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dc.contributor.authorBuckley, Emma
dc.identifier.citationBuckley , E 2016 , ' Drama in the margins – academic text and political context in Matthew Gwinne's Nero: Nova Tragædia (1603) and Ben Jonson's Sejanus (1603/5) ' , Renaissance Studies , vol. 30 , no. 4 , pp. 602-622 .
dc.identifier.otherORCID: /0000-0002-7937-9134/work/60195530
dc.descriptionRenaissance Studies Journal (Special Issue): Latin Drama, Religion and Politics in Early Modern Europe. Editors: Sarah Knight and Elizabeth Sandis.en
dc.description.abstractIn the front matter to Matthew Gwinne’s Nero, John Sandsbury asserts that this history-play will supplant the ‘puerile’ pseudo-Senecan Octavia. My paper will explore this definition of the play as emulous academic exercise, through a comparative examination of Nero’s divorce and exile of Octavia in the pseudo-Senecan Octavia and Act IV of the 1603 Nero. Comparative reading of ‘text’ and ‘margin’ will, I argue, reveal a significant fissure between Octavia and Nero, above all in undermining the ‘apologetic’ drive of the pseudo-Senecan play, which seeks to disassociate Seneca from Nero’s tyranny and absolve the philosopher of any responsibility in the tragic fate of Octavia. I will then propose that the only post-antique sources Gwinne sidenotes in his text –John of Salisbury’s Policraticus (1159) and Savile’s The Ende of Nero (1591) – adumbrate this perspective further, for both these authors in different ways question the value of the doctrine of ‘absolute obedience’, a position Seneca conspicuously takes in the 1603 Nero. A third section will take this reading further, setting Nero against Jonson’s (1605) Sejanus to suggest that Nero is a text with genuine cultural impact, pointing the way for later authors who will find in Rome’s ancient history a potent way to speak to contemporary power.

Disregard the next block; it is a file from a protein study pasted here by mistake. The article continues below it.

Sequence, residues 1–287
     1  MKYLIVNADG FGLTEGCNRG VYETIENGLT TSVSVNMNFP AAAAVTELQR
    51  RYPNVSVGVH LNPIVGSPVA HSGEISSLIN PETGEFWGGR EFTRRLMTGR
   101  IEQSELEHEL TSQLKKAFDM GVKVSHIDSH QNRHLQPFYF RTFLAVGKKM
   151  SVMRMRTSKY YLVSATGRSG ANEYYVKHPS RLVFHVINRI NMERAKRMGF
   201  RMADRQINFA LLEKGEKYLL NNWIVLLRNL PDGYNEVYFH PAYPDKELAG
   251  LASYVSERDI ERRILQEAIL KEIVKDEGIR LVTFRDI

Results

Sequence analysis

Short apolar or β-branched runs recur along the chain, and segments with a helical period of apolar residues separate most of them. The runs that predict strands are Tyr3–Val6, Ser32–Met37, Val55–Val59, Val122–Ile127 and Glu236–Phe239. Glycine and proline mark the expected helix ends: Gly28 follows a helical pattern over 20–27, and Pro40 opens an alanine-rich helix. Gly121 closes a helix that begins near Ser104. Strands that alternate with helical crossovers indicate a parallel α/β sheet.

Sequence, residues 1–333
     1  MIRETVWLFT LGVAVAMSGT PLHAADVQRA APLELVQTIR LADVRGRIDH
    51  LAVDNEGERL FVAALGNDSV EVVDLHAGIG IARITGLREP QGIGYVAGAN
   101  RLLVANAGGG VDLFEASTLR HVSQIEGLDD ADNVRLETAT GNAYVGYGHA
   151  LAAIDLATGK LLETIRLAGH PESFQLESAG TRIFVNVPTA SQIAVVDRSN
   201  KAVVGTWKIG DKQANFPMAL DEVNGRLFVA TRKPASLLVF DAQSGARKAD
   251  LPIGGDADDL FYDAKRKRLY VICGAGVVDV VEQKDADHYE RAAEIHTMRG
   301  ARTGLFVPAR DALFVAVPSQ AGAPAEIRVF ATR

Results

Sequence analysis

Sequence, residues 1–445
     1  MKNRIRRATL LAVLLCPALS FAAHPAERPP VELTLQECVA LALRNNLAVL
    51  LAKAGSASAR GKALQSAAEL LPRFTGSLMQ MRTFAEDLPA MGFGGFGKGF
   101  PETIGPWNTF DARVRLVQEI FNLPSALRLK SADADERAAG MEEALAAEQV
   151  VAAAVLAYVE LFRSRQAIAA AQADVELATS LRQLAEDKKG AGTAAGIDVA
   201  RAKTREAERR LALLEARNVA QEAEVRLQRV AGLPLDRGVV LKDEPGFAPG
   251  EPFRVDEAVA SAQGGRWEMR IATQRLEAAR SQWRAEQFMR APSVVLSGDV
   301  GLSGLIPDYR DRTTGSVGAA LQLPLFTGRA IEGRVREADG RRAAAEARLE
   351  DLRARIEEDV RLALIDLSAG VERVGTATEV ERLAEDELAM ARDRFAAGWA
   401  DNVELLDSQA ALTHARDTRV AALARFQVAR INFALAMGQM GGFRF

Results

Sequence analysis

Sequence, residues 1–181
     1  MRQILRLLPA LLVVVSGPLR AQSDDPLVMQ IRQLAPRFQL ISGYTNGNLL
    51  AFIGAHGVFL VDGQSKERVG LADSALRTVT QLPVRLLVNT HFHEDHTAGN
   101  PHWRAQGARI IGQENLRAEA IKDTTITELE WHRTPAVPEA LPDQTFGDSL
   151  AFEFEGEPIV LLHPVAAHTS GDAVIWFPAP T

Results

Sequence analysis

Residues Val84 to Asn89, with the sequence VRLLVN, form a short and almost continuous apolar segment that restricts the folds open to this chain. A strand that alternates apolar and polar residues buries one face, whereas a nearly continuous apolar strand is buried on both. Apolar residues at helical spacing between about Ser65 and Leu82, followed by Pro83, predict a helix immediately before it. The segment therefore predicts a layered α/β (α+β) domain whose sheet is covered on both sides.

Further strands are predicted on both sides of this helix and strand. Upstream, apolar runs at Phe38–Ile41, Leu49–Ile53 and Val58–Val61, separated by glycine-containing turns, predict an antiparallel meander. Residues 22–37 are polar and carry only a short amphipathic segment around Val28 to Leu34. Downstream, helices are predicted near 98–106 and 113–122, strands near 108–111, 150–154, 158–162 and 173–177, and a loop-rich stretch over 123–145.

dc.relation.ispartofRenaissance Studiesen
dc.subjectAcademic dramaen
dc.subjectMatthew Gwinneen
dc.subjectBen Jonsonen
dc.subjectPN0441 Literary Historyen
dc.titleDrama in the margins – academic text and political context in Matthew Gwinne's Nero: Nova Tragædia (1603) and Ben Jonson's Sejanus (1603/5)en
dc.typeJournal articleen
dc.contributor.institutionUniversity of St Andrews. School of Classicsen
dc.contributor.institutionUniversity of St Andrews. St Andrews Institute of Medieval Studiesen
dc.description.statusPeer revieweden

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